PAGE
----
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Acupuncture: Moving from Ancient China to the Medical Mainstream
from Our Health magazine, July 2011

OUrhealth articleKristie May was suffering from widespread, intense pain resulting from fibromyalgia. It had her "at my wit's end."

Ellen Nygaard had carpal tunnel-like pain in her wrist and wanted an alternative to drugs or surgery.

Jane Henningson's Lyme disease left her constantly exhausted, with headaches and unceasing pain in her body.

And Jim Harris' lower back pain was so overpowering that "my quality of life was about zero."

These Central Virginia residents and a growing number of others are turning to acupuncture for help with conditions ranging from chronic pain, to depression, to the side effects of radiation and chemotherapy from cancer treatment, and more.

And they are turning to it even though financially it remains largely an out-of-pocket form of health care. But that is changing as acupuncture gains ever growing respect from Western medicine as well as acceptance among healthcare consumers.

Acupuncture is a treatment method developed by the Chinese at least 2,000 years ago. It is a mainstay of Chinese medicine, based on the belief that energy within the body — or chi — flows along defined pathways and that blocking or an imbalance in those pathways leads to illness, pain, and even poor habits and emotional problems. Acupuncturists use hair-thin needles placed at precise points in the skin to stimulate and rebalance the flow of chi and restore health. Treatment is almost always painless.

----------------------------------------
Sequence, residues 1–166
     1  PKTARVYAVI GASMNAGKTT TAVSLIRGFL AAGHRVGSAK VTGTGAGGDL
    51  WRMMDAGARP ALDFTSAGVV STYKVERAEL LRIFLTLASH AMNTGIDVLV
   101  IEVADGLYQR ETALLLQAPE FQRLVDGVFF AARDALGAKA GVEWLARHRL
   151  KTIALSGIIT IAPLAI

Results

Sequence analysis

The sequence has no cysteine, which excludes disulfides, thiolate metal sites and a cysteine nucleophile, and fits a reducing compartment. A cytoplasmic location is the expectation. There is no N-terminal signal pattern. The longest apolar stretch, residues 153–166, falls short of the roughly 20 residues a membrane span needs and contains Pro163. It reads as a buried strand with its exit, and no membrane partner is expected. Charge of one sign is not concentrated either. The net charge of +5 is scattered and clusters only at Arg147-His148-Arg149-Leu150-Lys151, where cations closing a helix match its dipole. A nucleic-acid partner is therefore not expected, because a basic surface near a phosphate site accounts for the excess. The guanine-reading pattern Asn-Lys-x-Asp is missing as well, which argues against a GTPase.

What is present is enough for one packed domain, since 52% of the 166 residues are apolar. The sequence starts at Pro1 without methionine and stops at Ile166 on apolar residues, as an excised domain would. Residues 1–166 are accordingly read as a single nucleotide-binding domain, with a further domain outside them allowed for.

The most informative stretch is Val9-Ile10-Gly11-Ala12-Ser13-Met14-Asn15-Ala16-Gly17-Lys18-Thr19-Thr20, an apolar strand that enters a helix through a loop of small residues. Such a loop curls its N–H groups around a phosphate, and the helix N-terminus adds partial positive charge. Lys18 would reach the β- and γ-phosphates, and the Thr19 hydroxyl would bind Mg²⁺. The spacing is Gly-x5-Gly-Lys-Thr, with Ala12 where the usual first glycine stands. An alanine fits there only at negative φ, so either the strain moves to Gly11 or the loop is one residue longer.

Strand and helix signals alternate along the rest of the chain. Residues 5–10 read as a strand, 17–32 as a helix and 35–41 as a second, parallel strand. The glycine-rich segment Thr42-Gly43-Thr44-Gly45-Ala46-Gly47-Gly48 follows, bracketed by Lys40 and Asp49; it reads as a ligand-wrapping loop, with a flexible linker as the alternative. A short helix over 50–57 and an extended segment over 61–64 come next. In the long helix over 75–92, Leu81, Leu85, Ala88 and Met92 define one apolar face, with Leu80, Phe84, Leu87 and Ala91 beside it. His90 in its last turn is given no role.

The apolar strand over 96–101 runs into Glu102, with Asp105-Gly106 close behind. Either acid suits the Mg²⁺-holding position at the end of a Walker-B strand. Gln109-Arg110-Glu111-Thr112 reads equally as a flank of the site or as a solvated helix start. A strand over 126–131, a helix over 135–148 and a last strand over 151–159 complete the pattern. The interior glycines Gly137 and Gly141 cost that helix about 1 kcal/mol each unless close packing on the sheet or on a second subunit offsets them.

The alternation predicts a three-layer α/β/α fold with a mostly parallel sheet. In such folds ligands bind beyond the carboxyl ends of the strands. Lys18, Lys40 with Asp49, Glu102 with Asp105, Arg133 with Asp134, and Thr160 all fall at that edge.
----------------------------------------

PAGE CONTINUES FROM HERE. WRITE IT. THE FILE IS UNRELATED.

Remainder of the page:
Ask about an acupuncturist in the Lynchburg area and the name most often mentioned will likely be Dr. Matthew Miller, who, with his wife Dr. Wang Yao, owns East West Acupuncture, one of several acupuncture practices in the Hill City.

In China, Miller and Wang Yao are fully qualified medical doctors, although their training is not recognized in the notoriously inward-looking US medical community. Matthew Miller is certified by the National Certification Commission for Acupuncture and Oriental Medicine, and he is also licensed by the State of Virginia.

To learn Chinese medicine, Miller went to the source – one of China's five top medical schools. The son of longtime and now-retired orthopedist Terry 0. Miller, M.D., Matt Miller became interested in Chinese approaches to health while studying literature at New York University. He first became interested in tai chi, the slow, graceful form of exercise used for stress reduction and promotion of good health. Studying under Tai Chi Grand Master C.K. Chu, Miller then became interested in the broader aspects of the Chinese approach to health.